By Ben Hayward | Spanish Football Writer
It was the most expensive side ever assembled. With new signing Gareth Bale and Cristiano Ronaldo both in the team, Real Madrid's starting XI at Villarreal on Saturday cost somewhere shy of €400 million. But for long periods, it was the team in yellow who looked like the real superstars - not the ones in white.
Bale showed some of his quality - including some impressive running - and marked his debut with a vital goal before he was replaced by Angel di Maria after 61 minutes, while Ronaldo got lucky with a shot which ricocheted off a defender, then his shin and hit the back of the net - via goalkeeper Sergio Asenjo - to make it 2-1. But it was Villarreal who played the finest football, with crisp pressing and passing, dynamic link-up play and movement, true to the style which befits the club's philosophy. And had it not been for their former hero Diego Lopez, the Yellow Submarine would have sunk Madrid without trace on Saturday.
|BARCA SHOWING SIGNS OF WEAKNESS
|It wasn't only Real Madrid - Barcelona showed signs of weakness too on Saturday. Despite their attacking prowess, the Catalans complicated a game that had seemed won for the second successive round and needed an Alexis Sanchez winner deep into added time to preserve their perfect record in La Liga.
Having raced into a three-goal lead at Valencia in their last Liga match and ended up hanging on for a 3-2 success, Barca went two up in this one but saw their advantage disappear as Sevilla hit twice late on.
The Andalusians complained about the officials after Juan Cala saw what looked like a perfectly good goal disallowed - although replays showed he had fouled Dani Alves - while Barca's winner came just seconds after three minutes of added time had elapsed, with Lionel Messi perhaps lucky to have escaped a foul on Alberto Moreno in the build-up.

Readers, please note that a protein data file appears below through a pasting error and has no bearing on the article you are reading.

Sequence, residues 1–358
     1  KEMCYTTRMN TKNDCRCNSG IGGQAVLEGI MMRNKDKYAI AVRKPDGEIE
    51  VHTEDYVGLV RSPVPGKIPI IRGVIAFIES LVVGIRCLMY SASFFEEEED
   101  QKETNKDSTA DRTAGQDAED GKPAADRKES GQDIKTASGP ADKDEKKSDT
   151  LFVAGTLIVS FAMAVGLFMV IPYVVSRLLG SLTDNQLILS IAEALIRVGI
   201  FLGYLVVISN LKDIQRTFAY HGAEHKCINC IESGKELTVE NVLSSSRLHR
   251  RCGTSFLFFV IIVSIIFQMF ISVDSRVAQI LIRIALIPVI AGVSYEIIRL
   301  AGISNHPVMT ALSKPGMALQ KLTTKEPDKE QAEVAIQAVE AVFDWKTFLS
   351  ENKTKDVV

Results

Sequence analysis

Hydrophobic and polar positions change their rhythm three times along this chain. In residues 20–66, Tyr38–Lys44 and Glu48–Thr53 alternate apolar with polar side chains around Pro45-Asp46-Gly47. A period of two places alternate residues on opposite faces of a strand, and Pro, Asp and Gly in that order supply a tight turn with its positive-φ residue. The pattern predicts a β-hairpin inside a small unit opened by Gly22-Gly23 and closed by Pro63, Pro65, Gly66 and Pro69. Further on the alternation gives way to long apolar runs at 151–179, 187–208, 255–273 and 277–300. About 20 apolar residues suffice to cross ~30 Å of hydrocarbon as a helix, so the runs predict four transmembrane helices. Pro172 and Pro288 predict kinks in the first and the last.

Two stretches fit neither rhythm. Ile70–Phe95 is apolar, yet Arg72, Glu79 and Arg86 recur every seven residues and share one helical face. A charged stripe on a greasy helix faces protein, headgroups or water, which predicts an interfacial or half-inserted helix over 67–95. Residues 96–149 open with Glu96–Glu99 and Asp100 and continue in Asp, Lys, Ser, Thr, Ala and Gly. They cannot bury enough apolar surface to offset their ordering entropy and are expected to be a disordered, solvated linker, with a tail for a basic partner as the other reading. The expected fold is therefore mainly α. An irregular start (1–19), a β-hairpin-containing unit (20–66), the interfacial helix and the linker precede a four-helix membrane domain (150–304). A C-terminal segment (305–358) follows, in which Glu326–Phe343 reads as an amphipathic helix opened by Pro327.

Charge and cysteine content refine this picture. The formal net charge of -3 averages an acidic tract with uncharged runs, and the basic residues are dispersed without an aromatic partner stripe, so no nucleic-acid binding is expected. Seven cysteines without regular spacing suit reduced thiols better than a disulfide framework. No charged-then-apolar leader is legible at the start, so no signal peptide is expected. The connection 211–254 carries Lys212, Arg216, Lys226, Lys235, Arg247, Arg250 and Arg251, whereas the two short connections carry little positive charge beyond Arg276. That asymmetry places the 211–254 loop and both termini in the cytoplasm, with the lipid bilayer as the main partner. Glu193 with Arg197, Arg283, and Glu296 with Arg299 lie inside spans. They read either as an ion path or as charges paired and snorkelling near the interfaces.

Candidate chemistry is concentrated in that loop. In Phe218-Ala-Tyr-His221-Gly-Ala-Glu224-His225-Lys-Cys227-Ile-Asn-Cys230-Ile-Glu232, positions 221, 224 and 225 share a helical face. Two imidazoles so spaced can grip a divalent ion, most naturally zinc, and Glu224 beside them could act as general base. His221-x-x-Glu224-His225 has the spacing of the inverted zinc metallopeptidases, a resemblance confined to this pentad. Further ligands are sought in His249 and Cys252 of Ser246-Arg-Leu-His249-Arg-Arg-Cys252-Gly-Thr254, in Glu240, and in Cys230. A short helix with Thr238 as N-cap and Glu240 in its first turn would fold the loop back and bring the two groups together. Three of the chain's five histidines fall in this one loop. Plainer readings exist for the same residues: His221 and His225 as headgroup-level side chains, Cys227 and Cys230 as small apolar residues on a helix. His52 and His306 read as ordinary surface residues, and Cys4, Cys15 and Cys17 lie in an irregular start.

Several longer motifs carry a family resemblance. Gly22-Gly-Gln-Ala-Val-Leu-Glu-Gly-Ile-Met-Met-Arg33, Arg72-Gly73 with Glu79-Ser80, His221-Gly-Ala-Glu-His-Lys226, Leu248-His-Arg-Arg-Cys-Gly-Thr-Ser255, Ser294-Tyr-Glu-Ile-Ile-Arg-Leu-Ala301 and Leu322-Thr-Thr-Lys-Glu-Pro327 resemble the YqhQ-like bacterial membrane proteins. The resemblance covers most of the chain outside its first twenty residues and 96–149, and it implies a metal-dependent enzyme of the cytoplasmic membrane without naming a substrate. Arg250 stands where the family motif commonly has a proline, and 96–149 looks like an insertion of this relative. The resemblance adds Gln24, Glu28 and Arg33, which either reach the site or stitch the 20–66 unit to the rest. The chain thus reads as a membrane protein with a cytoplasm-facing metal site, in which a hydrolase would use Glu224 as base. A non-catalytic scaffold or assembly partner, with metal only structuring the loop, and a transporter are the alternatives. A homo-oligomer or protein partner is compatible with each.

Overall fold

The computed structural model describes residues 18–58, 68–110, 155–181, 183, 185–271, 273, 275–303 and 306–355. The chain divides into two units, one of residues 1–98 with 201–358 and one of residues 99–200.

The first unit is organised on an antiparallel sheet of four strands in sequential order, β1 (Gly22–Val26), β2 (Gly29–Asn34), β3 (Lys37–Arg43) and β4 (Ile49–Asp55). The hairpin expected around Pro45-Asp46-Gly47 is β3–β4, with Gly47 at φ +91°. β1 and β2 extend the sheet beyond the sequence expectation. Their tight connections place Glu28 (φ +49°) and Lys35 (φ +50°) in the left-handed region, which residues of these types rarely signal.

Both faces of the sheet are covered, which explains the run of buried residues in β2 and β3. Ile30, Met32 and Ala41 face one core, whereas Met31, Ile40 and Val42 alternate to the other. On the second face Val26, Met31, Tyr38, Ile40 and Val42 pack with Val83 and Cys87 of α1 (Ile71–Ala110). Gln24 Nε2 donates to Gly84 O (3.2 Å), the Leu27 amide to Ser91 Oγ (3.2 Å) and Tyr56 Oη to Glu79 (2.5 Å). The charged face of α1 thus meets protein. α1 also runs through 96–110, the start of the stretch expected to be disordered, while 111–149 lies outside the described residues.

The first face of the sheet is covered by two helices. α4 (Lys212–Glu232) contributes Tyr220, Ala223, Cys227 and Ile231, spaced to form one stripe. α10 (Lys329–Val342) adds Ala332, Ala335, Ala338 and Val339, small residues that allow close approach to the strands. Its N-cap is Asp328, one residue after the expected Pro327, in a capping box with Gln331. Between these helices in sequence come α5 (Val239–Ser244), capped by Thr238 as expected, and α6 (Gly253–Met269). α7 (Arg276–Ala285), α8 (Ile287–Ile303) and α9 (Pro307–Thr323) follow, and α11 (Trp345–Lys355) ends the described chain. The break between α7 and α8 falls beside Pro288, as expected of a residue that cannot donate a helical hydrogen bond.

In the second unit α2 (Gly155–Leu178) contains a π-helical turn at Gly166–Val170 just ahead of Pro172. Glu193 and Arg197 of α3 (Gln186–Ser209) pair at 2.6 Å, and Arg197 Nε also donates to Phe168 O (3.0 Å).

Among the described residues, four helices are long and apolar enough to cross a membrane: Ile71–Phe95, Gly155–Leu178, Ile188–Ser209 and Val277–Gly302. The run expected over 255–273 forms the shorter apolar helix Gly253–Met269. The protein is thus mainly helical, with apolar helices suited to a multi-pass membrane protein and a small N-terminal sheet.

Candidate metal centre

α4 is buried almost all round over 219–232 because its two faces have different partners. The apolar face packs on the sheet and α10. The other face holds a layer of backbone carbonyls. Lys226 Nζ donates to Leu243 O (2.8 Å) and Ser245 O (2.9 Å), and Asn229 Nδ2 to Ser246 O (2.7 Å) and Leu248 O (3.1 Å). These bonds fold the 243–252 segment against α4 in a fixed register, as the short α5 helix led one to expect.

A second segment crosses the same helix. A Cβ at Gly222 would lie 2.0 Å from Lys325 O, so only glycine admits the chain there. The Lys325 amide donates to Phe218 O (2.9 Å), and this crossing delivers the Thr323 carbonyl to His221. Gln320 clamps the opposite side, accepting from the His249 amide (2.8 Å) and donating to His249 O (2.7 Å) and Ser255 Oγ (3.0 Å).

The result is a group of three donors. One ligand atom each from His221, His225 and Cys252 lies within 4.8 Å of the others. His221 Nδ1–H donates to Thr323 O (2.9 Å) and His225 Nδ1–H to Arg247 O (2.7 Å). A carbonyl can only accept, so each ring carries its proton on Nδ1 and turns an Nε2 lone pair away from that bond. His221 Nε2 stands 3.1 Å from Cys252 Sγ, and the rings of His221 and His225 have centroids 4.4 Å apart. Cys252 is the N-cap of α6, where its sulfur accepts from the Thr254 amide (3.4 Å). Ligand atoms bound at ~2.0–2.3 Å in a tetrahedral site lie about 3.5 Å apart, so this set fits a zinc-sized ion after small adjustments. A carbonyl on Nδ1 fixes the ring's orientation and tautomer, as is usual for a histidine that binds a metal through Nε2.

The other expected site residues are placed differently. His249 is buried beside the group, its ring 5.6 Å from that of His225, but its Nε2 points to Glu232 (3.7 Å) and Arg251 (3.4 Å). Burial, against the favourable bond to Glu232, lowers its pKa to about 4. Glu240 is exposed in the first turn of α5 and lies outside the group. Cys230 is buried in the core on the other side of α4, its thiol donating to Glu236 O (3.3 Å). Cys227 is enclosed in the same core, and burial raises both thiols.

Sevilla had also been fortunate to see Stephane Mbia stay on following a cynical push on Neymar which should have brought a second yellow card before half-time.
Nevertheless, Barca remain vulnerable at the back and are still missing a top-class centre-back in the continued absence of Carles Puyol, as they were opened up easily for the first goal and left Coke all alone to volley Sevilla's second. At the moment, though, their offensive might is proving enough. Just.
Bale still looks some way short of full fitness, while Ronaldo has been struggling with tendon problems which caused him to consider missing this match. Asier Illarramendi still seems to be feeling the effects of his injury, too - in midfield, the Basque was overrun alongside Luka Modric and Isco.
"It was the first time Bale and Ronaldo had played together - they will switch flanks in future because both of them move very well on the pitch," Ancelotti argued. "I think they did well," he added (in reference to debutants Bale and Illarramendi). "But they struggled somewhat to start with."
So did Madrid. Indeed, Bale's leveller took the steam out of Villarreal shortly before half-time, when a second strike from the locals looked like killing the game off altogether. But even though Madrid made it 2-1 through Ronaldo in the second period, the home side deservedly hit back through Giovani dos Santos - once a team-mate of Bale at Tottenham.
And Diego Lopez almost saved that too. The Galician goalkeeper perhaps had a point to prove on his old stomping ground after Ancelotti revealed on Friday that Iker Casillas will start in the Champions League clash against Galatasaray on Tuesday. Returning to the club where he made his name, the 31-year-old was sensational, making a series of stunning stops to deny his former team and keeping Madrid in it. More than Bale or Ronaldo, the Galactico on Saturday was Diego Lopez. "He played very well," was Ancelotti's understated assessment.
Madrid, meanwhile, did not. They can have no complaints about the result, but Ancelotti will be concerned at just how easily his midfield men were overrun. On this evidence, either Xabi Alonso (still recovering from injury) or Sami Khedira (who came on as a substitute) are badly needed in the starting XI, especially in such high-tempo games away from home, while the defence also appeared ragged at times in the contuned absence of Raphael Varane.
"Villarreal played very well - at a different rhythm," Ancelotti said after the match. Now his Madrid side need to find their own rhythm. Because expensive signings alone are not enough.
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